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Rougned Odor: “Perhaps [Jose Bautista] was wrong, and perhaps I was also wrong.”

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Wednesday marked the one-month anniversary of the infamous melee between the Blue Jays and Rangers. During that melee, Jays outfielder Jose Bautista was intentionally hit by a Matt Bush fastball, then he slid hard into second baseman Rougned Odor in an attempt to break up a double play. Odor then punched Bautista in the face and both teams’ dugouts emptied onto the field. Odor received an eight-game suspension which was reduced to seven games, and Bautista was handed a one-game suspension.

In the month since, both Odor and Bautista have had time to look back on the events that transpired on May 15. Neither side has appeared to show much, if any, contrition. Odor came close to admitting fault, however, in a recent interview with ESPN’s Marly Rivera.

Has this incident given people the wrong impression of who you are?
Maybe. After what happened, people who don’t know baseball may have a bad impression of me, but people who know baseball do know that those things are a part of the game. Perhaps he was wrong, and perhaps I was also wrong.

Odor also said “maybe I would have done things differently if I had known that I would be suspended.” He also said of Bautista, “I respect him,” and called him “a tremendous ballplayer.”

Interestingly, Odor thinks the media showing the video of the other fight he was involved in, a similar melee in 2011 when he was playing for Single-A Spokane, was “unfair.”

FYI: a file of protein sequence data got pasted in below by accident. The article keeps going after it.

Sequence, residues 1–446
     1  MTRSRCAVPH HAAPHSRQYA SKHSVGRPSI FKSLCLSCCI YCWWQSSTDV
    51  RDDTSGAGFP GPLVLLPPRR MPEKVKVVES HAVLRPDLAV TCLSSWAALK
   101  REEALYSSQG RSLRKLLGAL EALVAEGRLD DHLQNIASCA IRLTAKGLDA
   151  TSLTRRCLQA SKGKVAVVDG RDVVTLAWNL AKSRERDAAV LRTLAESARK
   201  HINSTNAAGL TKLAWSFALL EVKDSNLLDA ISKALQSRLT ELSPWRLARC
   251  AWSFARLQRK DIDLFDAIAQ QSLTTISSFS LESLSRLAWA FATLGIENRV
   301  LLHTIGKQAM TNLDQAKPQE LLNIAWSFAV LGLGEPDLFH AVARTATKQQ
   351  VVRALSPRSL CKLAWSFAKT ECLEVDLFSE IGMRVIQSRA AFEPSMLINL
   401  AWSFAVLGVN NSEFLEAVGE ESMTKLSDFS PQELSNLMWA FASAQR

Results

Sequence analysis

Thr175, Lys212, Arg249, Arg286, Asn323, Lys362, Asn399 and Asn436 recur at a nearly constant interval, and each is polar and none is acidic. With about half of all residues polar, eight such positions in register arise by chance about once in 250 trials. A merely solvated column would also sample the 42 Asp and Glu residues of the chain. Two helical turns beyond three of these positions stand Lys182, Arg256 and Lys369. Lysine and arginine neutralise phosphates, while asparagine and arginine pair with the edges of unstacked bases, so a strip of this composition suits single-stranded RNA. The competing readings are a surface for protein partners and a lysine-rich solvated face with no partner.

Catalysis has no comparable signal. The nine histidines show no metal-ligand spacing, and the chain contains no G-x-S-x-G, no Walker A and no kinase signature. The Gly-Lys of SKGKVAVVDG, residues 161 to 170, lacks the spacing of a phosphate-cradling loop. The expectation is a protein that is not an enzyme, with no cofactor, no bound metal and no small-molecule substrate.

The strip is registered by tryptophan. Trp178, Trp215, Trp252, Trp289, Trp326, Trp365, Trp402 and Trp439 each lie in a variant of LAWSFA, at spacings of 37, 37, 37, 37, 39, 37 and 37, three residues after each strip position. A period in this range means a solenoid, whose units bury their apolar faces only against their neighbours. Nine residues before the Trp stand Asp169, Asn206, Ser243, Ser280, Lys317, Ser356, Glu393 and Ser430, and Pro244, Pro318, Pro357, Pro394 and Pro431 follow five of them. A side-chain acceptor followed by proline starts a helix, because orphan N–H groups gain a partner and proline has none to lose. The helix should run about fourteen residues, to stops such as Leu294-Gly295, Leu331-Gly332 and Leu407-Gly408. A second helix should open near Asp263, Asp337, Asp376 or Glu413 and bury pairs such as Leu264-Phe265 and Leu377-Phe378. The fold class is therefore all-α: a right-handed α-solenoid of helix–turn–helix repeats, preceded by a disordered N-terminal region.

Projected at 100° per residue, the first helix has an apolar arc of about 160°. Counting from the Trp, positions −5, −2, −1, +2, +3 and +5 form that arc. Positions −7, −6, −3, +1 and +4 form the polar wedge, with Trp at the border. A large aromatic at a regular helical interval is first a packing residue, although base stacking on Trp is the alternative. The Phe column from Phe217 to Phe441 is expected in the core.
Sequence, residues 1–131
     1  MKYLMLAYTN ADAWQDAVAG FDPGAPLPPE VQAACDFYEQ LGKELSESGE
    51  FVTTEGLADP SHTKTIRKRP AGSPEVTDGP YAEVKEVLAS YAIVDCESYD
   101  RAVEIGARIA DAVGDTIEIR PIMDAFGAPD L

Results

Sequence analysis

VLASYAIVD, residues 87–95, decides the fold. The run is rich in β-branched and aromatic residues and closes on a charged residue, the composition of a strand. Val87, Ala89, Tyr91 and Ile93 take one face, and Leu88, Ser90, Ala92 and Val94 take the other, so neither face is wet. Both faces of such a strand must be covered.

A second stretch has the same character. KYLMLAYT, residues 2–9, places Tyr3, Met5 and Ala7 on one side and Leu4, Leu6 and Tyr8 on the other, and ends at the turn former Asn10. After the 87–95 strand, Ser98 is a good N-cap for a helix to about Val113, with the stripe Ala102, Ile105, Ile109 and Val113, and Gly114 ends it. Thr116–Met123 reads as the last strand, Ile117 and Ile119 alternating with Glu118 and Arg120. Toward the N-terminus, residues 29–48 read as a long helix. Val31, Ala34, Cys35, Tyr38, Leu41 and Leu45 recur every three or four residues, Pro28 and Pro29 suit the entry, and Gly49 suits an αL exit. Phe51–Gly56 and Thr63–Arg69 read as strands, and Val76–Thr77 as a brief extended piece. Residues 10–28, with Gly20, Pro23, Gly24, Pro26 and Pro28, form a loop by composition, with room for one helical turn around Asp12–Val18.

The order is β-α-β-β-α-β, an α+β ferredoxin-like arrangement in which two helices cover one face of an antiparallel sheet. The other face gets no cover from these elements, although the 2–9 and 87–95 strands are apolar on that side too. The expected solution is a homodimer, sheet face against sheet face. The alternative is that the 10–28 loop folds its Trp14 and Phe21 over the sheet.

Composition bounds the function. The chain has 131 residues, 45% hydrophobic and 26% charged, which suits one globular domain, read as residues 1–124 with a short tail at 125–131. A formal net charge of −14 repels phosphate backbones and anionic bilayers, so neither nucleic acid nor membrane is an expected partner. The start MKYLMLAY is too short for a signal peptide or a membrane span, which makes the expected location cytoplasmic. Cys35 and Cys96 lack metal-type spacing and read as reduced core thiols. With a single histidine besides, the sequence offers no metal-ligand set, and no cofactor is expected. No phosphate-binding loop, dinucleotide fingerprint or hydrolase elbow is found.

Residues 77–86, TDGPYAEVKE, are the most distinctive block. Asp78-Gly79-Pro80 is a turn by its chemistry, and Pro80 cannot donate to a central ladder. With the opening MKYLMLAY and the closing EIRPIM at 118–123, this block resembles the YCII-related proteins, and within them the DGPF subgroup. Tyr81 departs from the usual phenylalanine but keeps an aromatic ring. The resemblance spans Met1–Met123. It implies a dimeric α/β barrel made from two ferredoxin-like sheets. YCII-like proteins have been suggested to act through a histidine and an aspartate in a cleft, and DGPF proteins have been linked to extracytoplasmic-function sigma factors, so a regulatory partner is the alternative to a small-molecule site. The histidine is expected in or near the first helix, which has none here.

Clayton Kershaw struggles with control, walks six Marlins

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Dodgers ace Clayton Kershaw entered Wednesday night’s start against the Marlins without having issued a walk in his previous three starts. In fact, his last walk came on April 3 when he issued a free pass to Paul Goldschmidt with the bases empty and two outs in the bottom of the first inning. All told, Kershaw was on a streak of 26 walk-less innings before he took the mound at home to take on the Marlins.

Kershaw started off Wednesday in character, striking out the side in the first inning. He issued a walk in a tough second inning, but escaped without allowing a run. Kershaw walked two more in the third and again danced out of danger. In the fourth, Kershaw walked Lewis Brinson to load the bases with no outs and — you guessed it — didn’t end up allowing a run. His errant control finally came back to bite him in the fifth when Kershaw issued back-to-back two-out walks, then served up a three-run home run to Miguel Rojas down the left field line. His night was done when he completed the inning. Five innings, three runs, five hits, six walks, seven strikeouts, 112 pitches.

The six walks Kershaw issued over five innings marked his first six-walk outing since April 7, 2010 when he issued six free passes to the Pirates in 4 2/3 innings. The only other time he walked as many was on August 3, 2009 against the Brewers in a four-plus inning outing. Kershaw hasn’t even walked five batters in an outing recently — the last time was September 23, 2012 against the Reds.